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Silicon carboxylate derived silicon oxycarbides as anodes for lithium ion batteries

Tahir, M. S., Weinberger, M., Balasubramanian, P., Diemant, T., Behm, R. J., Lindén, M., Wohlfahrt-Mehrens, M.
Journal of materials chemistry A 2017 v.5 no.21 pp. 10190-10199
X-ray diffraction, X-ray photoelectron spectroscopy, acetic acid, acetic anhydride, anodes, carbon, chemical composition, citric acid, coatings, distillation, electrical conductivity, electrochemistry, energy, lithium, lithium batteries, melting, polyacrylic acid, powders, silica, silicon, temperature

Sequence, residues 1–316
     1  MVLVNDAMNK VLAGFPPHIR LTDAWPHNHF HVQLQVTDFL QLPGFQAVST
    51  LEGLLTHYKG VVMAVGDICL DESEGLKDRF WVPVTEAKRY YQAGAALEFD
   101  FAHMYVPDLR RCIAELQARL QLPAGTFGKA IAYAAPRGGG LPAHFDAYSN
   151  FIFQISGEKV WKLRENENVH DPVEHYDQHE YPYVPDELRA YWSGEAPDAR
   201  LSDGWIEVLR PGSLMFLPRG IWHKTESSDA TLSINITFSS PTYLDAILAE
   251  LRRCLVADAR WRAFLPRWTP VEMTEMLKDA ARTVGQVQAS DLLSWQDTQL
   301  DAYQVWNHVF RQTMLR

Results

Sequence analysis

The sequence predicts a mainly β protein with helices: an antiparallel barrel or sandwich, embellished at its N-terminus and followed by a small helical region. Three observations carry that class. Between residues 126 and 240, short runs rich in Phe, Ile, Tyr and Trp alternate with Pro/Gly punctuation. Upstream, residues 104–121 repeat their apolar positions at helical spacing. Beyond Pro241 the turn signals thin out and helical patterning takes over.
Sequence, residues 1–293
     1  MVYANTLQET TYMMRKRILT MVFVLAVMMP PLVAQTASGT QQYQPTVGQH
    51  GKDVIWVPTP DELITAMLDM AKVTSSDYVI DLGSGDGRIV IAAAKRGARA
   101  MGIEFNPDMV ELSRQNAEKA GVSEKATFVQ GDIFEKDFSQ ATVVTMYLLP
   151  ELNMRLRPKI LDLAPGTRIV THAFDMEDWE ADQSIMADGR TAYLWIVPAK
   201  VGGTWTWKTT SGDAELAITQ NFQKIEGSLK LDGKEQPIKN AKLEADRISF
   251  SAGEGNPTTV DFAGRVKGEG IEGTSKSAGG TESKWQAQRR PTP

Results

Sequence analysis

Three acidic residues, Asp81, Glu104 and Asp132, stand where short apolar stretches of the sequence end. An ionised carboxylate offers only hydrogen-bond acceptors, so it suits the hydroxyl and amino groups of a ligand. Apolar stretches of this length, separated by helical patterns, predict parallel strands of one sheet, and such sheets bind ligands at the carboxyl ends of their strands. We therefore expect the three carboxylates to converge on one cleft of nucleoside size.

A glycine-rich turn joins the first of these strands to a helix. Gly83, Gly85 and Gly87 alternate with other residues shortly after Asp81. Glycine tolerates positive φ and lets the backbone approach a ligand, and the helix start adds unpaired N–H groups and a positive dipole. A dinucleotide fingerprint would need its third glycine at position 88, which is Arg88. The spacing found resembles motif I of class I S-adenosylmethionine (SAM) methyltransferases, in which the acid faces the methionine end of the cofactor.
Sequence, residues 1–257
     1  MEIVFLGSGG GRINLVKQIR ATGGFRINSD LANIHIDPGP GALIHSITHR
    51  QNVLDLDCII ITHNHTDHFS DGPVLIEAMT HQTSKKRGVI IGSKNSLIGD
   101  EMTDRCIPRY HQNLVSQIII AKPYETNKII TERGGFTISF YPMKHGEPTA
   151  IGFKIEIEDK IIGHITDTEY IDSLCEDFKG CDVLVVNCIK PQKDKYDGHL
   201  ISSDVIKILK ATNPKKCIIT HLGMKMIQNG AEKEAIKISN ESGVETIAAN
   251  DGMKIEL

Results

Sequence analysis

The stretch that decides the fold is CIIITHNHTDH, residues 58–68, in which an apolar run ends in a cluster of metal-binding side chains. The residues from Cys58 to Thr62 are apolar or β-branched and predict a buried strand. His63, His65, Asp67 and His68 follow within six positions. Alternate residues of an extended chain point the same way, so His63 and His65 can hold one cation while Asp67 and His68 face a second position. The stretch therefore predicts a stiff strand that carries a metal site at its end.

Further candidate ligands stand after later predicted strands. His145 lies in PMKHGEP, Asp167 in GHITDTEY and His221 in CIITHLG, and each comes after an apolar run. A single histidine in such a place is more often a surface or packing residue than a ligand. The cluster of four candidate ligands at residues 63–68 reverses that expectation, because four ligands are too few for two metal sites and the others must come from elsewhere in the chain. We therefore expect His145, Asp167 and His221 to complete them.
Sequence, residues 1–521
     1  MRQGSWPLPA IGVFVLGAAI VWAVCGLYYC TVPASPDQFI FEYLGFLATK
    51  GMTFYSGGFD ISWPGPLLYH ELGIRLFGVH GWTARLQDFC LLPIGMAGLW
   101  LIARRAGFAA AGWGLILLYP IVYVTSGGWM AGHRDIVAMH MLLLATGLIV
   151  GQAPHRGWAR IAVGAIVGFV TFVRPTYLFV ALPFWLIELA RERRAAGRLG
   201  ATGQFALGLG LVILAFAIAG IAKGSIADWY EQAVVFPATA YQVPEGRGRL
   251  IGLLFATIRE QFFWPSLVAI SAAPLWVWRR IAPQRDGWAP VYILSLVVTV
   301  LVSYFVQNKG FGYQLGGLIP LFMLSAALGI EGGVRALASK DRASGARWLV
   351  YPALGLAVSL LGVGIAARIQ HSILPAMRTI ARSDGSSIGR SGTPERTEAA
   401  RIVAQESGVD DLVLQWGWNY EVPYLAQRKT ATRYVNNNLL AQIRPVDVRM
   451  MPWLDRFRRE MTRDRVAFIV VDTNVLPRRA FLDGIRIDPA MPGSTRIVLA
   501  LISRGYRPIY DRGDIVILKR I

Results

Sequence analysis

A novel and facile procedure was developed to synthesize silicon oxycarbides which are suitable anode materials for lithium ion batteries. Silicon tetraacetate was thoroughly mixed with varying amounts of citric acid and the mixtures were thermally treated at lower temperatures of up to 250 °C for several hours. The mixtures start to melt at around 150 °C. Acetic acid and acetic anhydride may then continuously be removed via distillation until the mixture starts to solidify. The degree of substitution may be controlled by the amount of citric acid. The resulting solids were then carbonized under an inert gas atmosphere at a temperature of 1000 °C. Black solids were obtained whose chemical composition and morphology were characterized in detail. X-ray diffraction (XRD) confirmed the amorphous nature of the materials. With X-ray photoelectron spectroscopy (XPS) we were able to analyze the chemical environment of the silicon atoms in more detail. Compared to fumed silica the Si 2p detail spectra show another peak at lower binding energy, which can be attributed to oxycarbide species. XPS also allowed us to determine the O/Si ratio from which a chemical formula for the SiCO materials could be derived. The materials also contain a significant amount of free carbon, which improves electrical conductivity and thus the electrochemical properties. In order to elucidate the potential of the materials as anodes for lithium ion batteries, galvanostatic charge/discharge measurements were conducted. Within the cut off potentials of 0.005–1.5 V, the materials showed high capacities of up to 590 mA h g⁻¹ at a current of 50 mA g⁻¹. To overcome the irreversible capacities in this system, a prelithiation approach via spray coating with stabilized lithium metal powders (SLMP®) was successfully applied. The electrodes, fabricated with lithiated polyacrylic acid (LiPAA) as binder, maintained the cycling characteristics of their non-lithiated counterparts, even if the anode was almost completely lithiated.